John Michael Montgomery

Forgotten Hits: John Michael Montgomery, “Friends”

April 24, 2010 // 10 Comments

John Michael Montgomery

Written by Jerry Holland

Every once in a while, I read something that sparks a post. This week, it was The Boot’s countdown of the Ten Best Friend Songs in Country Music.

As I scanned the list, I saw expected gems like Tim McGraw’s “My Old Friend”, along with curious selections such as Shania Twain’s “Come On Over.” Even #2 on the list was questionable: Garth Brooks’ “Friends in Low Places” is as much about friendship as “The Dance” is about the Fox Trot.

Left off the list completely is the country song that I think best describes the nature of friendship. John Michael Montgomery’s “Friends” may not have the scope and death of Plato’s Lysis, but it captures the essence of friendships as well as anything else I’ve seen this side of ancient Greek philosophy.

ACM Flashback: Single Record of the Year

April 3, 2010 // 11 Comments

As with the similar CMA category of Single of the Year, looking over the history of this category is the quickest way to get a snapshot of country music in a given year. There is a quite a bt of consensus among the two organizations here, and it is very rare for the winner at one show to not at least be nominated at the other. The winners list here would make a great 2-disc set of country classics, at least for those who don’t mind a little pop in their country. The ACM definitely has more of a taste for crossover than its CMA counterpart, and the organizations have only agreed on 17 singles in the past four decades and change.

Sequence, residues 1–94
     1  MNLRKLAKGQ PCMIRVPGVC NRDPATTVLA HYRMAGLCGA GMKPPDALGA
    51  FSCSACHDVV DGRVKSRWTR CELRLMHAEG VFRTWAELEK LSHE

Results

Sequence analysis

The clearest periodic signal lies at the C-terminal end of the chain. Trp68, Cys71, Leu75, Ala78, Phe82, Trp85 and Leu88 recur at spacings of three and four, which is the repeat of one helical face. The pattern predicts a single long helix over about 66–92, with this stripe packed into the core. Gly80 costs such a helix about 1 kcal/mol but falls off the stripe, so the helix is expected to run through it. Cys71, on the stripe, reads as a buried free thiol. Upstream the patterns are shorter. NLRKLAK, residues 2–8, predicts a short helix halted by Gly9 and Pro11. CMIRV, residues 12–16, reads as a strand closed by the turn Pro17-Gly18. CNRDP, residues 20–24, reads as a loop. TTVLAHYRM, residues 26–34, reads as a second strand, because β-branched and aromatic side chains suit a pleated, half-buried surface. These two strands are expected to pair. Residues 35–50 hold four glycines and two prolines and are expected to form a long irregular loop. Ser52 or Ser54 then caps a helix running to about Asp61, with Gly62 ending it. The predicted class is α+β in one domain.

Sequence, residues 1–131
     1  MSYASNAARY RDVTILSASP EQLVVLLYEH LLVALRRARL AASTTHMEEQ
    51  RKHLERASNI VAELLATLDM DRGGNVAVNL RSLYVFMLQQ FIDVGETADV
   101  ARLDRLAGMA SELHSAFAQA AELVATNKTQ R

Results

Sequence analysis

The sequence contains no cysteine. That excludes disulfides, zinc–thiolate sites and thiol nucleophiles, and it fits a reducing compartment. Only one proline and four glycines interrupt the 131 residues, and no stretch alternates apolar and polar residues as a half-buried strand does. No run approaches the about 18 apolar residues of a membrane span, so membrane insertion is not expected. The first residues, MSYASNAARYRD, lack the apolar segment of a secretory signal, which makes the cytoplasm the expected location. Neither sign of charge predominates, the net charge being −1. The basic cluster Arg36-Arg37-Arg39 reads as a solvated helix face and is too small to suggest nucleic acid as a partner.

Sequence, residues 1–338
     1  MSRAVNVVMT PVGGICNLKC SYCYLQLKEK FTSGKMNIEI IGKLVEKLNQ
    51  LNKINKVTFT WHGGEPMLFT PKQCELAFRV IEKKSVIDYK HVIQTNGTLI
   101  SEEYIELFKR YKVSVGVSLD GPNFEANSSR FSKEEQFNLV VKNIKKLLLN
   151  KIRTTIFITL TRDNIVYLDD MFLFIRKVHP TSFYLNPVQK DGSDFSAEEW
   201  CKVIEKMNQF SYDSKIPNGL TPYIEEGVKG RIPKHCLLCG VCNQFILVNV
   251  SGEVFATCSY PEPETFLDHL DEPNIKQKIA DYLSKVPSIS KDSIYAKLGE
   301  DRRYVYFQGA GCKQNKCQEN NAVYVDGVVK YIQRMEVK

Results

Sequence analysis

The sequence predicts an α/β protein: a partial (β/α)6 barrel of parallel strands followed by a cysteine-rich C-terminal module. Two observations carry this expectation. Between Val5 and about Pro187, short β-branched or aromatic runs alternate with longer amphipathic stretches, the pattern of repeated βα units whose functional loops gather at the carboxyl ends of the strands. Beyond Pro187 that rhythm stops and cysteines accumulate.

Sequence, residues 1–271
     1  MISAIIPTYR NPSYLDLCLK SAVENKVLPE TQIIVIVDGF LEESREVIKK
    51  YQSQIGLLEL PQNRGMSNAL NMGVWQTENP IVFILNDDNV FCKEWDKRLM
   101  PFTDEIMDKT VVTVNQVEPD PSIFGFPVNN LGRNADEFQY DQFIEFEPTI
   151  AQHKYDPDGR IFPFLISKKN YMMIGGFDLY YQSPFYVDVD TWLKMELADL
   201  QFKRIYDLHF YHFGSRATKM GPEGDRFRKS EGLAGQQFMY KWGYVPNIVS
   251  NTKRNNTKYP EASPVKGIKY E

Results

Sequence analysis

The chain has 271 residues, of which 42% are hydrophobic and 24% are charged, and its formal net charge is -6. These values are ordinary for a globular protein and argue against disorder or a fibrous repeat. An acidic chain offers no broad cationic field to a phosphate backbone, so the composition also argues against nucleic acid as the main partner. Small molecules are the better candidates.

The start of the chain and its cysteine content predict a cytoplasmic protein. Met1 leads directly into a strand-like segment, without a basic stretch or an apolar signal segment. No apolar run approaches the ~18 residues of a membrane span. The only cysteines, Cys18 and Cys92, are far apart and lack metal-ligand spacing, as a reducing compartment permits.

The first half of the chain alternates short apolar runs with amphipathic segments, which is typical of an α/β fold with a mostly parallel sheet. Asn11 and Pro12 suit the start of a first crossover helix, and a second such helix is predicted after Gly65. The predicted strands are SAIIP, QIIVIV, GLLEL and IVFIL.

As always, we start with a look at this year’s nominees and work our way back to 1968.


  • Zac Brown Band, “Toes”
  • Billy Currington, “People Are Crazy”
  • Lady Antebellum, “Need You Now”
  • Miranda Lambert, “White Liar”
  • David Nail, “Red Light”

There’s usually a “Huh?” nominee among the ACM list in recent years. This year, it’s David Nail. Good for him! Currington hasn’t won yet for this hit, even though he got himself a Grammy nomination for it. With Lady Antebellum reaching the upper ranks of the country and pop charts with “Need You Now”, my guess is that they’re the presumptive favorites. Then again, Miranda Lambert is a nominee for the third straight year, and she’s up for her biggest radio hit.


  • Trace Adkins, “You’re Gonna Miss This”
  • Jamey Johnson, “In Color”
  • Miranda Lambert, “Gunpowder & Lead”
  • Heidi Newfield, “Johnny and June”
  • Brad Paisley, “Waitin’ On a Woman”

Adkins has been a fairly regular fixture on country radio since 1996, but this was his first major industry award. He also won the ACM for Top New Male Vocalist in 1997.

The 201 Greatest Singles of the Decade, Part 8: #60-#41

December 22, 2009 // 21 Comments

The 201 Greatest Singles of the Decade, Part 8: #60-#41

“Long Trip Alone”
Dierks Bentley
Peak: #10

In a perfect world, this would be this decade’s wedding standard. – Kevin Coyne